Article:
Week 7: Student-led Presentation and Discussion
Morgan, D. L. (2001). Focus group interviewing. In J. F. Gubrium & J. A. Holstein (Eds.) Handbook of interview research: Context and methods. Thousand Oaks, CA: Sage.
Schram, T. H. (2003). Conceptualizing qualitative inquiry: Mindwork for fieldwork in education and the social sciences. Upper Saddle River, NJ/Columbus, OH: Merrill Prentice Hall.
Burgess, R. G. (1989). Grey areas: Ethical dilemmas in educational ethnography. In R. G. Burgess (Ed.). The ethics of educational research. Barcombe, Lewes, East Sussex: Falmer Press.
Kvale, S. (1996). Ethical issues in interview inquires. InterViews. Thousand Oaks, CA: Sage, Ch. 6.
Phtiaka, H. (1994). What’s in it for us? Qualitative Studies in Education, 7(2), 155-164.
Riddell, S. (1989). Exploiting the exploited: The ethics of feminist educational research. In R. G. Burgess (Ed.). The ethics of educational research. Barcombe, Lewes, East Sussex: Falmer Press.
Week 8: Qualitative Data
1. Some Friendly Advice
2.1 The content of fieldnotes
2.2 The Form of Fieldnotes
3. The Process of Writing Fieldnotes
4. Transcripts from Taped Interviews
4.1 The Form of Transcripts
4.2 Recording Equipment
5.1 Personal Documents
5.2 Official Documents
5.3 Popular culture documents
6.1 Found photographs
6.2 Research-Produced Photographs
6.3 Photographs as Analysis
6.4 Technique and Equipment
7. Official Statistics and Other Quantitative Data
8. Concluding Remarks
Week 9: Student-led Presentation and Discussion
Hill, M.R. (1993). Archival Strategies and Techniques. Newbury Park: Sage Publications.
Jupp, V. (1996). Documents and Critical Research. In Roger Sapsford and Victor Jupp (eds.) Data Collection and Analysis. (pp. 298-316). Thousand Oaks, CA: Sage Publications.
Plummer, K. (2001). Documents of life: An invitation to a critical humanism. Thousand Oaks, CA: Sage, Ch 8.
Wengraf,Tom.(2001). Qualitative Research Interviewing. London: Sage Publications.
Week 10: Data Analysis and Interpretation
1. Analysis and Interpretation in the Field
1.1 More Tips
2. Analysis and Interpretation after Data Collection
2.1 Developing Coding Categories
2.2 Preassigned Coding Systems
2.3 Influences on Coding and Analysis
3. The Mechanics of Working with Data
4. Computers and Data Analysis
6. Concluding Remarks
Week 11: Student-led Presentation and Discussion
Cole, A. L., & Mclntyre, M. (2004). Research as aesthetic contemplation: The role of the audience in research interpretation. Educational Insights, 9(1), http://www.ccfi.educ.ubc.ca/publication/insights/v0901/articles/cole.html.
Wolcott, H. F. (1994). Transforming qualitative data: Description, analysis, and interpretation. Thousand Oaks, CA: Sage.
Denzin, N. K. (1997). Interpretive ethnography: Ethnographic practices for the 21st Century. Thousand Oaks, CA: Sage, Ch. 8.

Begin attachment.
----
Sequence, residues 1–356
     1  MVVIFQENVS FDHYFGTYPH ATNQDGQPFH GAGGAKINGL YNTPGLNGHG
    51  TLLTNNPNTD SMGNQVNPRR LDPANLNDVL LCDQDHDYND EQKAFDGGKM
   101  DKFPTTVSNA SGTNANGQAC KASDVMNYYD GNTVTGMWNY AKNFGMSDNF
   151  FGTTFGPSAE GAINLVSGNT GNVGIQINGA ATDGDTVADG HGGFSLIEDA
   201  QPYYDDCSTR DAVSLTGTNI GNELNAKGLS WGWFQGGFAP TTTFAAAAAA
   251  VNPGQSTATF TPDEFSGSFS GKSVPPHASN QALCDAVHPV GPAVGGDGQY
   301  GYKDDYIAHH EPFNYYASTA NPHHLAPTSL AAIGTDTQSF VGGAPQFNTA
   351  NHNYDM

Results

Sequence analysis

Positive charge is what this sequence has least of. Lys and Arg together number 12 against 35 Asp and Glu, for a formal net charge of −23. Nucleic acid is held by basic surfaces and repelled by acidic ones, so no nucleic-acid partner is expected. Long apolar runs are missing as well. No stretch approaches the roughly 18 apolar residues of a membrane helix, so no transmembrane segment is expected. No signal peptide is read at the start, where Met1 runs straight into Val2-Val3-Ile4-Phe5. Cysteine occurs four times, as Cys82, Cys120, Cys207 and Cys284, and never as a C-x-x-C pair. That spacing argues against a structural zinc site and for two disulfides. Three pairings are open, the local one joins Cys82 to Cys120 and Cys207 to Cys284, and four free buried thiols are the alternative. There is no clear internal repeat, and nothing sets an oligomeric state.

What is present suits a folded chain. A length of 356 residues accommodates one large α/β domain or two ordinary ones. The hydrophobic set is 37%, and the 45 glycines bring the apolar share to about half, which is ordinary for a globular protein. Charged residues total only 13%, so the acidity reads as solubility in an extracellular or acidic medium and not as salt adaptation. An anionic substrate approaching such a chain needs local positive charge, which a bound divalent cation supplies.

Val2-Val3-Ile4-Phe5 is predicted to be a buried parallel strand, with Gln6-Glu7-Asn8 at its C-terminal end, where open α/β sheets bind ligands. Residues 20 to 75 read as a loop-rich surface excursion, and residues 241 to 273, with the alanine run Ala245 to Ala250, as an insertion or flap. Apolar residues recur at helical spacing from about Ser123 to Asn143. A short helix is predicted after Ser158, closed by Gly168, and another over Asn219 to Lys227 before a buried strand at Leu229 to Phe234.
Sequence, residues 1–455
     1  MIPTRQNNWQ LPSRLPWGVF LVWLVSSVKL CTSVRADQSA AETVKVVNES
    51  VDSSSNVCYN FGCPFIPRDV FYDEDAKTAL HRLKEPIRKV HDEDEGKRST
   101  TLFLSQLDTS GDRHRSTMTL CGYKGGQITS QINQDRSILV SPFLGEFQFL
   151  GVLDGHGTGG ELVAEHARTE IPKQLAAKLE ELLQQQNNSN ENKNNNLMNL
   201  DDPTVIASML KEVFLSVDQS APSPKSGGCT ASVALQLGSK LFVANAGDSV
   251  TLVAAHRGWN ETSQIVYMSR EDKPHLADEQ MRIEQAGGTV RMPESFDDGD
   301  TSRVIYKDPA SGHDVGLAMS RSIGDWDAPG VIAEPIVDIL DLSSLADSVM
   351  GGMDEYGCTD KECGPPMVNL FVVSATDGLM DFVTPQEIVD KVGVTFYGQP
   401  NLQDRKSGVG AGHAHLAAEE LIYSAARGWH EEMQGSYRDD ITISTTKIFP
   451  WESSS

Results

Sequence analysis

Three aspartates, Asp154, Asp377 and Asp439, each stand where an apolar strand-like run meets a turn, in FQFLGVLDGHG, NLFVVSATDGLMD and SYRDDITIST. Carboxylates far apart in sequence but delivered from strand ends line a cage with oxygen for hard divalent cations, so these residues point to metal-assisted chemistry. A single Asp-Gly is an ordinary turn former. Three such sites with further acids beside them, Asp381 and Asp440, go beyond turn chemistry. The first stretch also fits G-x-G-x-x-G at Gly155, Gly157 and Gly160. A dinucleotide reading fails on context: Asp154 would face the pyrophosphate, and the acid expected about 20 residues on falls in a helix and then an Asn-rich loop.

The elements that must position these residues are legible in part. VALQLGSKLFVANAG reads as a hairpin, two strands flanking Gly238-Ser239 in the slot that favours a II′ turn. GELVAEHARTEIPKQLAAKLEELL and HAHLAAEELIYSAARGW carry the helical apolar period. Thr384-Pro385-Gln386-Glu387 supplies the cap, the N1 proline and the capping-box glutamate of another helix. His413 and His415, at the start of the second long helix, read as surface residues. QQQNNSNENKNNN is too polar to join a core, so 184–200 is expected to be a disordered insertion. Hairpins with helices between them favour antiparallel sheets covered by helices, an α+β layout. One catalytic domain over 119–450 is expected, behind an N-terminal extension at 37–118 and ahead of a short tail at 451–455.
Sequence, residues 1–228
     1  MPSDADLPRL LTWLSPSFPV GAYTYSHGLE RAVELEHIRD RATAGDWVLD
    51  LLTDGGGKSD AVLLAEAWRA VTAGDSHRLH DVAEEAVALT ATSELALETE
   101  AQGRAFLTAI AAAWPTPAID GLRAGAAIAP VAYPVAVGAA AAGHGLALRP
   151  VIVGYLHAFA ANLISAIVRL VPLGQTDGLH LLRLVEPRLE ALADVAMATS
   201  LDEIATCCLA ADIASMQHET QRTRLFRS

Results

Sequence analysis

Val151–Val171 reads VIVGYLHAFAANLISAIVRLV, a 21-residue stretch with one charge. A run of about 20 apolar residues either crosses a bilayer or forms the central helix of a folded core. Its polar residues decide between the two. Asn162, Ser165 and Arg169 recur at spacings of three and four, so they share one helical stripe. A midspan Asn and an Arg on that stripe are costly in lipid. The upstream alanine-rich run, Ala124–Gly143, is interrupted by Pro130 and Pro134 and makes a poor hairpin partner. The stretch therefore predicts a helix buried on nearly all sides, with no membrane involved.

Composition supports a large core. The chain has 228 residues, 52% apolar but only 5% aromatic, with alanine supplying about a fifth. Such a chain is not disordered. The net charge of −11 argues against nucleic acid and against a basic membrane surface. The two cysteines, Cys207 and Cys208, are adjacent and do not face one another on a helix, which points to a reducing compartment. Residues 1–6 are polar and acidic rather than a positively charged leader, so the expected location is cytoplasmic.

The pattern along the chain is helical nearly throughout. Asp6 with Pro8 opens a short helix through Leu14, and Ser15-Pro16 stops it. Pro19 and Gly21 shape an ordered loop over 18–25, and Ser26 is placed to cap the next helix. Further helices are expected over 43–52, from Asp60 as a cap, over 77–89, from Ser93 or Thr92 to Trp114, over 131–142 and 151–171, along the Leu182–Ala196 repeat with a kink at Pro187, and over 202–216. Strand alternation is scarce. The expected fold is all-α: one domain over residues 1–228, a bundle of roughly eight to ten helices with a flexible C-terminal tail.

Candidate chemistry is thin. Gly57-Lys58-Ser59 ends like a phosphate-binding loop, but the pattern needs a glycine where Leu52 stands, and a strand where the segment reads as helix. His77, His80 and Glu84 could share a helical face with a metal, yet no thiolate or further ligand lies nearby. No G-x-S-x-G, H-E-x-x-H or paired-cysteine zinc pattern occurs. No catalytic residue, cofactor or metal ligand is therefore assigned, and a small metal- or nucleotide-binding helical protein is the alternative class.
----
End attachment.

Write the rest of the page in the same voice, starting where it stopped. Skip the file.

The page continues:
Week 12: Writing It Up
1. Writing Choices
1.1 Decision about Your Argument
1.2 Decision about Your Presence in the Text
1.3 Decision about Your Audience
1.4 Decision about Disciplines
1.5 Decision about the Introduction
1.6 Decision about the Core of the Paper and Strategies for Communicating Evidence
1.7 Decision about the conclusion
2. More Writing Tips
2.1 Call It a Draft
2.2 Styles of Presentation
2.4 “Yes. But…?”
2.5 Keep It Simple Up Front
2.6 Whose Perspective Are You Writing From?
2.7 Jargon and Code
2.8 On Giving Voices
2.9 General Advice
3. Criteria for Evaluating Writing
3.1 Is It Convincing?
3.2 Is the Author in Control of the Writing?
3.3 Does It Make a Contribution?
5. A Final Point about Getting Started
Week 13: Student-led Presentation and Discussion
Hewett, H. (2004). In search of an “I”: Embodied voice and the personal essay. Women’s Studies, 33, 719-741.
Richardson, L. (2000). Writing: A method of inquiry. In N. K Denzin, & Y. S. Lincoln (Eds.) (2000). Handbook of qualitative research (2nd edition). Thousand Oaks, CA: Sage.
Week 14: Applied Qualitative Research for Education
1. Writing a Qualitative Research Proposal and Report
1.1 Writing a Qualitative Research Proposal
1.2 Writing a Qualitative Research Report
1.3 Qualitative Research: New Directions
2. Action Research
2.1 The Case of It Not Adding Up: Description
2.2 The Case of It Not Adding Up: Discussion
2.3 Political Action Research
2.4 What Action Research Can Do?
2.5 The Action Research Approach to Data
2.6 Action Research and the Qualitative Tradition
3. Practitioner Uses of Qualitative Research
3.1 Employing Qualitative Research to Improve Your Teaching
3.2 The Qualitative Approach and Teacher Education
Week 15: Student-led Presentation and Discussion
Eisner, E. (1991). Do qualitative case studies have lessons to teach? In The enlightened eye. New York: Macmillan, ChIX (pp. 197-212).
Kvale,S. (1995). The social construction of validity. Qualitative Inquiry, 1 (1). 19-40.
Neilsen, L. (2002). Learning from the liminal: Fiction as knowledge. Alberta Journal of Educational Research, 48(3). 206-214.
Peshkin, A. (1993). The goodness of qualitative research. Educational Researcher, 22(2), 24-30.
Week 16: Doing Qualitative Research —A Series of Presentations
Presenter: Wu Yang-Ping
Presenter: Jia Ju-Ping
Week 17: Doing Qualitative Research —A Series of Presentations
1. Carving Beautiful Lives: Shaping Folk Arts in the Yangtze Three Gorges
Instructor: Professor Li Ling
2. Ethnic Minority Education of Southwestern China
Instructor: Professor Yao Jia-Li
Week 18: Doing Qualitative Research —A Series of Presentations
1. Ethnographical Approach to Teaching and Learning
Instructor: Professor Grace Feuerverger（OISE/University of Toronto）
2. Narrative Inquiry: Narrative in Educational Studies
Instructors: Professor Micheal Connelly（OISE/University of Toronto）Associate Professor Xu Shi-Jing (University of Windsor）and Associate Professor Fang Yan-Ping（Nanyang Technological
3. Qualitative Research and Ethical Review in Canada
Instructor: Dr. Terry Sefton (University of Windsor)
地址：重庆市北碚区天生路2号田家炳教育书院 电话：023-68252305 网址：jyxb.swu.edu.cn
The Faculty of Education , Southwest University